What does a semen analysis tell?
It's a test that can help your doctor figure out why you and your partner are having trouble having a baby.
Some things you can learn from the analysis:
Amount and thickness of semen. On average, each time a man ejaculates he releases 2-6 milliliters (mL) of semen, or around a 1/2 teaspoon to 1 teaspoon.
Less than that amount may not contain enough sperm for a woman to get pregnant. On the other hand, more than that could dilute the concentration of sperm.
Semen should be thick to start with and become thinner 10 to 15 minutes after ejaculation. Semen that stays thick may make it difficult for sperm to move.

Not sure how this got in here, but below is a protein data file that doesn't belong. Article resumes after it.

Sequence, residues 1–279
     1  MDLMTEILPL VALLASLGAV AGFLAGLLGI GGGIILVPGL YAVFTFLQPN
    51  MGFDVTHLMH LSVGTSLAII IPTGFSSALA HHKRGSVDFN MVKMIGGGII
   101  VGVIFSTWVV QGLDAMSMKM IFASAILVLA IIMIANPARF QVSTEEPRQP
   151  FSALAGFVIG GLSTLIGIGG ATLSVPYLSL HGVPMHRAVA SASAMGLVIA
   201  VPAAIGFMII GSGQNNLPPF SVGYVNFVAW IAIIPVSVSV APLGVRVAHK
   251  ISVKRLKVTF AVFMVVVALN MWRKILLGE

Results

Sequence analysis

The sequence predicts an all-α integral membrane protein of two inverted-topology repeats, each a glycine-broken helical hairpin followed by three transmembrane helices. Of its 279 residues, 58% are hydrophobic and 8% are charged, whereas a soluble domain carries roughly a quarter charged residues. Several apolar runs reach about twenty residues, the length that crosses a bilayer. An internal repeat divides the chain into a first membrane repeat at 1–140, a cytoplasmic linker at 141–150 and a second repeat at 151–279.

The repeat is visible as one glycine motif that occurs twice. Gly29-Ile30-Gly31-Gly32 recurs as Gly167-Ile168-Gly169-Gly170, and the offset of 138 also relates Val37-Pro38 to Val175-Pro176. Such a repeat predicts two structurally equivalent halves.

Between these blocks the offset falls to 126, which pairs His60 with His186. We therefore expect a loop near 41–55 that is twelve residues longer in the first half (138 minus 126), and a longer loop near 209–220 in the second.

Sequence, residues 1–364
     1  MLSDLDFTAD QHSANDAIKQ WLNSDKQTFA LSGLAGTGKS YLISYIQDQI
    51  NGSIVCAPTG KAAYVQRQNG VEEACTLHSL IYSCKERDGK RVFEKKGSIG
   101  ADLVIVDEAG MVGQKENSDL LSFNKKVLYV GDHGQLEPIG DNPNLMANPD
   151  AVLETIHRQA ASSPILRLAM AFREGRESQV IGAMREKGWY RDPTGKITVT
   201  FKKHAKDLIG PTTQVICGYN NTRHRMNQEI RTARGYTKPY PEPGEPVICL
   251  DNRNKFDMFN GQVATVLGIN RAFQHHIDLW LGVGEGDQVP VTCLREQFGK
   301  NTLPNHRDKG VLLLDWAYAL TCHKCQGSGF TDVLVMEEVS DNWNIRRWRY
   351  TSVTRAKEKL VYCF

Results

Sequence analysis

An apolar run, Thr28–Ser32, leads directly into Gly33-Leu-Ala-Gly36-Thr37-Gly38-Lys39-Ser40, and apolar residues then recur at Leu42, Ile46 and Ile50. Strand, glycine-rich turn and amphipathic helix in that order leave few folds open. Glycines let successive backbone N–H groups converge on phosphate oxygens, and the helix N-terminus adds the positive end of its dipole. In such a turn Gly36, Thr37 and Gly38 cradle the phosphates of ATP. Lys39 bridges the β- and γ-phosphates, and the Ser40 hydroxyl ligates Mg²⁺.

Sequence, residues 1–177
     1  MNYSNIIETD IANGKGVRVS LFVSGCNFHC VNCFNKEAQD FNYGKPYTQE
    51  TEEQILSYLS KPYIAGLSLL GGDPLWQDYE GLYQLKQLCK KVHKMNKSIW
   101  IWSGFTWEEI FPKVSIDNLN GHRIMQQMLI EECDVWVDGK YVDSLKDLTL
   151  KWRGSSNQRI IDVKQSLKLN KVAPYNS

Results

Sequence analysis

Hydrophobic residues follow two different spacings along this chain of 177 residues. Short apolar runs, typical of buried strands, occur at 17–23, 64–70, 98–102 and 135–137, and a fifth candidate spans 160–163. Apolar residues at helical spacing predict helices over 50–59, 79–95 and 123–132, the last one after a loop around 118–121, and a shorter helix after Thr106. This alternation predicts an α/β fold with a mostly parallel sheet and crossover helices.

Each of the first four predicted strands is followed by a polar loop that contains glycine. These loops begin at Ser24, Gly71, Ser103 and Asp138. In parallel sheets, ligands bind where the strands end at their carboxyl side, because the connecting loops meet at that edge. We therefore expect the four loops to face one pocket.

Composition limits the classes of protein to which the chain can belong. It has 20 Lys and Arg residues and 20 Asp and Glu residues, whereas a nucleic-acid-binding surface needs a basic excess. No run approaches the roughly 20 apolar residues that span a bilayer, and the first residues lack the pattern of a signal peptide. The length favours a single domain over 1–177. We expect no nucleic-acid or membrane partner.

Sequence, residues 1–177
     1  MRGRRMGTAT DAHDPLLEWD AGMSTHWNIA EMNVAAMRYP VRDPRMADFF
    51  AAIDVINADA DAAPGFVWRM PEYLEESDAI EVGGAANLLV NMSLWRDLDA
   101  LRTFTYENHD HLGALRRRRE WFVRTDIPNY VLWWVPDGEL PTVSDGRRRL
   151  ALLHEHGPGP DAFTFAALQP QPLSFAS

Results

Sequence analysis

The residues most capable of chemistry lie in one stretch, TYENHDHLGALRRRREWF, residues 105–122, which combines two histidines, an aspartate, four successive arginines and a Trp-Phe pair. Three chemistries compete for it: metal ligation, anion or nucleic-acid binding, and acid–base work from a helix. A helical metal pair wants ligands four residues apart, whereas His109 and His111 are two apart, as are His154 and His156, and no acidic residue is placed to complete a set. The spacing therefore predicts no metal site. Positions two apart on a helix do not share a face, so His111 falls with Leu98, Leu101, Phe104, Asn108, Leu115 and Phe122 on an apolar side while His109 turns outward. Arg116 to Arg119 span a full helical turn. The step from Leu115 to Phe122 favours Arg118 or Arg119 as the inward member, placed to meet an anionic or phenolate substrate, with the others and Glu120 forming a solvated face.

Sperm concentration. Also called sperm density, this is the number of sperm in millions per milliliter of semen. Twenty million or more sperm per mL is considered normal.
Sperm motility. This is the percentage of sperm in a sample that are moving, as well as an assessment of how they move. One hour after ejaculation, at least 50% of sperm should be moving forward in a straight line.
Morphology. This is an analysis of the size, shape, and appearance of sperm.
Do men stop making sperm when they're older?
Men can continue to be fertile throughout life. The amount of sperm you make goes down as you get older, but even elderly men have fathered children.